Friday, April 03, 2015

Solitary: An Amazing Combat Pilot Memoir

If you want a read about military aviation that you will not be able to put down, then

Solitary: The Crash, Captivity and Comeback of an Ace Fighter Pilot is the book for you.

Solitary, by Giora Romm, Israel;'s first jet ace with five kills in the Six Day War is more than a flying story.

It's also a tale of survival and a superlative return to duty after he was shot down and badly injured during the War of Attrition and was a captive of the Egyptians for months, where he spent months in solitary confinement, and then he came home in a prisoner exchange and recovered to fly again.

Romm went on to command 115 squadron in the Yom Kippur War. The 115 Squadron flew Skyhawks and Romm was a Mirage and Nesher pilot. He took command of the squadron the day before the war began and his first flight in the Skyhawk was a combat mission against the attacking Egyptians. He continued to lead the squadron throughout the war.

His book focuses mainly on his experiences in captivity, but gives lots of insight into his life and flying both before and after he was shot down. It's an amazing true story that is practically impossible to put down.

Romm retired from the Israeli Air Force as a Major General and went on to head Israel's Civil Aviation Authority, retiring from that post in 2014.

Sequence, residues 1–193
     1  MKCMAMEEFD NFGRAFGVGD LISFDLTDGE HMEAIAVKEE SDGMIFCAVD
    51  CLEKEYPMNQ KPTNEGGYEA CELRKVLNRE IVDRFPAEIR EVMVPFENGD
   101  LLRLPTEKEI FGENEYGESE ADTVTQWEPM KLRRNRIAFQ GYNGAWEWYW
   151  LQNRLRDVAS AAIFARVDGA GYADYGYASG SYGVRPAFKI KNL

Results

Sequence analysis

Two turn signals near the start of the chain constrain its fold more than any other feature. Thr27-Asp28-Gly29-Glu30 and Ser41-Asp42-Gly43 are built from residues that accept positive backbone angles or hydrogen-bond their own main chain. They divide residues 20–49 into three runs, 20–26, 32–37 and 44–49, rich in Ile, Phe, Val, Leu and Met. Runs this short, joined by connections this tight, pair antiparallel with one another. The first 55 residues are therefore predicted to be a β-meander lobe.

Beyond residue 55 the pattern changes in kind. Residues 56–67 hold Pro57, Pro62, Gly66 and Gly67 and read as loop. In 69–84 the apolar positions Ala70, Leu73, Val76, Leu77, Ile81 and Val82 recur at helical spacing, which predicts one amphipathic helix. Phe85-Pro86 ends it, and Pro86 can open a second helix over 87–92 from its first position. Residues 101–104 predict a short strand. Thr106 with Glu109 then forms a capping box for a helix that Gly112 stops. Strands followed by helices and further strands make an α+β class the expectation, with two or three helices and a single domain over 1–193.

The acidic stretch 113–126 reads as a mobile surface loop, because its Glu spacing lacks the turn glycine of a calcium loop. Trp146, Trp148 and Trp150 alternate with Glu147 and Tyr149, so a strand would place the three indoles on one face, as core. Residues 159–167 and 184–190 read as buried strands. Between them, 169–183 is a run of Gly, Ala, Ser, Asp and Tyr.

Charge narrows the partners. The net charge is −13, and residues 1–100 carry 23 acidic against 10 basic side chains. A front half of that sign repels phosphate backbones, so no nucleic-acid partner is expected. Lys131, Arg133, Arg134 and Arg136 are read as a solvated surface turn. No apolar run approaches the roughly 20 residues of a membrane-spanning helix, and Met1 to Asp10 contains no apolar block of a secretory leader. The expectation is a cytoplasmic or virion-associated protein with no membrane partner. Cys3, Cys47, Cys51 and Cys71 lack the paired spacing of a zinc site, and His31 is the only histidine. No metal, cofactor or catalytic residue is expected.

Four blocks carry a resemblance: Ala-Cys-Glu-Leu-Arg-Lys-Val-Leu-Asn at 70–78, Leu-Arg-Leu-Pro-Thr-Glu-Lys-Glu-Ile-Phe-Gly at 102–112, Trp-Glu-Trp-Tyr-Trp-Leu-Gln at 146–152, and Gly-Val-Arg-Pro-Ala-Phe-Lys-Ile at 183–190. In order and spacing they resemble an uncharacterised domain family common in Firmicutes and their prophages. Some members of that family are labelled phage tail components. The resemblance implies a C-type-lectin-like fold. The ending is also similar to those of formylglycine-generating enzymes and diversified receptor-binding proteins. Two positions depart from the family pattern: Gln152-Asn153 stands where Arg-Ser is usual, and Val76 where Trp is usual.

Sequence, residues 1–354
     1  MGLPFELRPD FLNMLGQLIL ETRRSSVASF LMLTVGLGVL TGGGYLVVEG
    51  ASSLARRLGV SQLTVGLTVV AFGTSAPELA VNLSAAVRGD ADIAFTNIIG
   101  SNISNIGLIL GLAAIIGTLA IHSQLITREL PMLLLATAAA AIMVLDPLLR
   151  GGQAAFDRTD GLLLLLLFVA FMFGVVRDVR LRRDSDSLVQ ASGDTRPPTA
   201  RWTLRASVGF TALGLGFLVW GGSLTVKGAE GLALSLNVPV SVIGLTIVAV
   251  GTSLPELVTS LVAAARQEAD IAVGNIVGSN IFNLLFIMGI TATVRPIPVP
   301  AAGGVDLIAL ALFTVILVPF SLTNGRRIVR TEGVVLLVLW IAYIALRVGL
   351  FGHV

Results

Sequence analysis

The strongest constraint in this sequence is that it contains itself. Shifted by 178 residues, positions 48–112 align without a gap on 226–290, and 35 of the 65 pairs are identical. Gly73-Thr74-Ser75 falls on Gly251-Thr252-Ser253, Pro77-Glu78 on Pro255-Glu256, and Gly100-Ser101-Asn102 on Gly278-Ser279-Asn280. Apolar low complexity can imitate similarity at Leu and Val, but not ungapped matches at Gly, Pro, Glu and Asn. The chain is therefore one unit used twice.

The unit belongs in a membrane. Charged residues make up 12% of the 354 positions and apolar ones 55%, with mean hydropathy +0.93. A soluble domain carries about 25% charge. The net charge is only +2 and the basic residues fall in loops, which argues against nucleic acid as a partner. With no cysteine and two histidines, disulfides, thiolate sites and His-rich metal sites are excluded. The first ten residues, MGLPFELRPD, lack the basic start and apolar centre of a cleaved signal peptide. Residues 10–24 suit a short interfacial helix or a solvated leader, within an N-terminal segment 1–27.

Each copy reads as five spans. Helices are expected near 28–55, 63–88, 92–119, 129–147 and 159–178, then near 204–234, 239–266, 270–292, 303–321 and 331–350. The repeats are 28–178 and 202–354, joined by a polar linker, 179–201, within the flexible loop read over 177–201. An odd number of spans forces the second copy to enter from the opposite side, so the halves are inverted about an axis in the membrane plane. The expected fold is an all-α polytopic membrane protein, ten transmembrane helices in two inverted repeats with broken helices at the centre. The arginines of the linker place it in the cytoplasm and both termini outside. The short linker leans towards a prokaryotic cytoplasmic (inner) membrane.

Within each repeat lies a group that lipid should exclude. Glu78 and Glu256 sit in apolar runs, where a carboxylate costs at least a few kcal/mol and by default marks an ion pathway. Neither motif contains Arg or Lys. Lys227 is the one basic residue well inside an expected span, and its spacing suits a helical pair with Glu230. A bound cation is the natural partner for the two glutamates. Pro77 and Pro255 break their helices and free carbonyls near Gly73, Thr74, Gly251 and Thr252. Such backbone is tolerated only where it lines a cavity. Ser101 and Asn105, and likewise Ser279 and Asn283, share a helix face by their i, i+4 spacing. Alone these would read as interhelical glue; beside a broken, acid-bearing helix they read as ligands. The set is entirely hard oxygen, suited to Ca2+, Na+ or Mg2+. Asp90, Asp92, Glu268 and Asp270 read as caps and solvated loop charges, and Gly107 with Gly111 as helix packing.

Highly Recommended.


Robert Fowler said...

Another good one, if you haven't already read it, it Yeager. There's a couple of chapters about when he was shot down over France. He explains how the French resistance got him to Spain and back to England. And his fight with the Army to fly again. Since the Germans knew he had been shot down, they were afraid that if he got shot down again and captured, the Germans would torture him to get the goods on the resistance. He finally did prevail and flew again.

I love these types of survivor stories. Better men than me, I spent most of my time in the Marines as a truck driver.

Aaron said...

Yes, Yeager was a great book. And you're right that these are indeed great men.

Murphy's Law actually had an opportunity to meet Chuck Yeager and perhaps he'll blog about it someday.

NotClauswitz said...

I read about Yeager when I was younger and during my first WWII phase, after mainly SciFi. But my first real "adult" author that I read (after Len Deighton) was Leon Uris, and I read Battle Cry (about his Pacific Theater experience as a Marine), then Mila 18 before reading Exodus (and later Topaz). He was a big influence on me, as much as Heinlein.

Murphy's Law said...

I have blogged about it. Just go to my blogger search bar and type his name in. The story'll come up.